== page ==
The knowledge learned from these delta areas tell about the history of the region from how the land was used – or not used – through time, the authors say. The world's largest 25 rivers drain about one-half of the Earth's surface and transport 50 percent of the fresh water and 40 percent of particulate materials into the ocean, they confirm.

The Mississippi River, the largest in the U.S., drains about 40 percent of the country's total land mass, plus parts of two Canadian provinces, the authors say, and we can learn critical information from its delta regions.

In the U.S., hypoxic areas – where there is little or no oxygen – can in some cases be linked with deltaic regions that are releasing large amounts of water and nutrients, Bianchi explains. "Low oxygen in aquatic systems is clearly not good for the organisms in those systems, but not all aquatic systems respond in the same way," he notes. "It affects marine life in some areas severely, while other areas seem unchanged. We need to find out why.

"Some LDE areas such as the Mississippi/Atchafalaya River system have had significant increases in the nutrient loading from fertilizers" Bianchi adds. "We know we need to reduce the amount of these nutrients from draining into our rivers, but by how much? In this particular case, the linkages between excessive nutrients, hypoxia and their affects on aquatic life are not well understood.

"It's a big problem that China is facing right now as it attempts to manage severe water shortages, over-grazing and desertification issues for a growing population by manipulating natural water sources from their major rivers through damming and diversions. Over the last 20 years, China has become the world's largest consumer of fertilizers and two of its rivers, the Yellow and the Yangtze, are among the top five in the world in terms of sediment discharge.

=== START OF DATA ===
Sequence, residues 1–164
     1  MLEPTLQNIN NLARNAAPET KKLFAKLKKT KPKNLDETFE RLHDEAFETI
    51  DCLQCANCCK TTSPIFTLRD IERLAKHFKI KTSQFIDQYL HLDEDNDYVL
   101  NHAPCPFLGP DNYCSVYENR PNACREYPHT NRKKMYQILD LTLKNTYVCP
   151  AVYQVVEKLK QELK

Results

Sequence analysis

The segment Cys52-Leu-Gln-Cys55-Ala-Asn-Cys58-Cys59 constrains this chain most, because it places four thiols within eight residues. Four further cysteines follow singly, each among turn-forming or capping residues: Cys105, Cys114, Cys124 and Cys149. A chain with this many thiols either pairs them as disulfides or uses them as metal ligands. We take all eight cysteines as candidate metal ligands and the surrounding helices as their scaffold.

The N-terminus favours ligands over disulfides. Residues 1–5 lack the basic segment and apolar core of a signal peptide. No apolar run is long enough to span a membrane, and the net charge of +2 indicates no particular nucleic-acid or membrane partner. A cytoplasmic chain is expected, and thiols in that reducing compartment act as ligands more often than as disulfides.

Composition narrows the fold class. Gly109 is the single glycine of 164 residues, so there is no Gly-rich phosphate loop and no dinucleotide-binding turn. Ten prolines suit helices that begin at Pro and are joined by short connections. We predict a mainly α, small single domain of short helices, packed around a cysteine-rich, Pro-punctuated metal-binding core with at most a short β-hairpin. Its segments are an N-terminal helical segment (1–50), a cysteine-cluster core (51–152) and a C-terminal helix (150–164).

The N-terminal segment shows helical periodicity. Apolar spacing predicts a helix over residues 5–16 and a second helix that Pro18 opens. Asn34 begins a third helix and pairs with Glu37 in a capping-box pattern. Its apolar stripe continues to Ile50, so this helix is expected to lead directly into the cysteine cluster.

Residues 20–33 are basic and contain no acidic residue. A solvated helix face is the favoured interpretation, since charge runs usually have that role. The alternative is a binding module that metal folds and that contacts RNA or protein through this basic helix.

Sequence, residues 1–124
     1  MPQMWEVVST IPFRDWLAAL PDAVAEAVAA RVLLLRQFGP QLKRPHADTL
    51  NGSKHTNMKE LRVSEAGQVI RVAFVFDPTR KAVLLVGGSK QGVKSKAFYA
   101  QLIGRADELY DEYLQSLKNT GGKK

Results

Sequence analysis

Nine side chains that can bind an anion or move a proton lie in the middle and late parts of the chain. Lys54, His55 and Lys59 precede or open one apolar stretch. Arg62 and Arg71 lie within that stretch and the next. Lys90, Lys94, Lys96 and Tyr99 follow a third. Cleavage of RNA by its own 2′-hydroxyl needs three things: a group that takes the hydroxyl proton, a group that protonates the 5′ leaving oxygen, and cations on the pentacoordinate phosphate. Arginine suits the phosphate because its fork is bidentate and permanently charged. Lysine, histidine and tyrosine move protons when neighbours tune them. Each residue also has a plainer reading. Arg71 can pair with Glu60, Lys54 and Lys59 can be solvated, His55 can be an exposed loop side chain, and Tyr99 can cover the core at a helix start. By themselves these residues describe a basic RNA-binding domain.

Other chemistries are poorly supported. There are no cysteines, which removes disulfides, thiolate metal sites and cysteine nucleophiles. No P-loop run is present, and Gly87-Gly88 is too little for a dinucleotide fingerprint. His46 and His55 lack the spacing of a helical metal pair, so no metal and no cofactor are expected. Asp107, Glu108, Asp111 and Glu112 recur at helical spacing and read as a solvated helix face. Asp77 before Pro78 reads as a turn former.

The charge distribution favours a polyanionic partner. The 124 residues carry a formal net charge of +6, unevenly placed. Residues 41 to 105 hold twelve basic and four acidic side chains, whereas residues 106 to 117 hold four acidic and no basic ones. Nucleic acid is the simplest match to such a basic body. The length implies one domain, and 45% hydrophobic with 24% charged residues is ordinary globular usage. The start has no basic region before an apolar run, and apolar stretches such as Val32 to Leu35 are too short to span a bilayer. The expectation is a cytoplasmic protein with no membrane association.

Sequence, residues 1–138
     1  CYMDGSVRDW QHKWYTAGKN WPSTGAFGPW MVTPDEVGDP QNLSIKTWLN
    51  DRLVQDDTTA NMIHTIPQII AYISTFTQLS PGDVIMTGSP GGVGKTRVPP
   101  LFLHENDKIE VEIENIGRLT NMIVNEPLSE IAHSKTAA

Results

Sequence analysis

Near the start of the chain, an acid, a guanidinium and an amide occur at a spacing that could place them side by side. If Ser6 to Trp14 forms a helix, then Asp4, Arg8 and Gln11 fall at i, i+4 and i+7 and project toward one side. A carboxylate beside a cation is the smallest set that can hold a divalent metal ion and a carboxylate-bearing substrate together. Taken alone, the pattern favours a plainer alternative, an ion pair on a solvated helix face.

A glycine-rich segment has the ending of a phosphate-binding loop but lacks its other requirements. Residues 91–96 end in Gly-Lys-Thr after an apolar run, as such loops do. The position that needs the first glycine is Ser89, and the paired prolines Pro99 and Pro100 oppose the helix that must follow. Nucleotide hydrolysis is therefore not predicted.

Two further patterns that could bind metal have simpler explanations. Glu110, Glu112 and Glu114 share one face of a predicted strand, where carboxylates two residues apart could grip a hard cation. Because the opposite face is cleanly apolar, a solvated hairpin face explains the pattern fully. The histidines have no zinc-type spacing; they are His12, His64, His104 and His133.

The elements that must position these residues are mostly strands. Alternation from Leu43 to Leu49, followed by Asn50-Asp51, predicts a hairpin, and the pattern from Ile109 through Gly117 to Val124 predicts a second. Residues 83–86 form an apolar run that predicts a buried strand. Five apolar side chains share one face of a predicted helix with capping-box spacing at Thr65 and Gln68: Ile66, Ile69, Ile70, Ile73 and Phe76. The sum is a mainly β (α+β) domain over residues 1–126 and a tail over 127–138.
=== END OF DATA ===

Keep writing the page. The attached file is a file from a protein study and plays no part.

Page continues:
"Also, many scientists are expecting global temperatures to rise over the next 50 years due to climate changes, and how will these changes affect precipitation and soil erosion issues? We really don't know now because in many cases, land-use change by growing populations can be very short-term and unpredictable, making modeling very difficult. These deltaic sediments might be able to give us some clues about what is ahead for us."

Their work was funded by NASA, the Department of Energy, the Office of Naval Research and the National Science Foundation.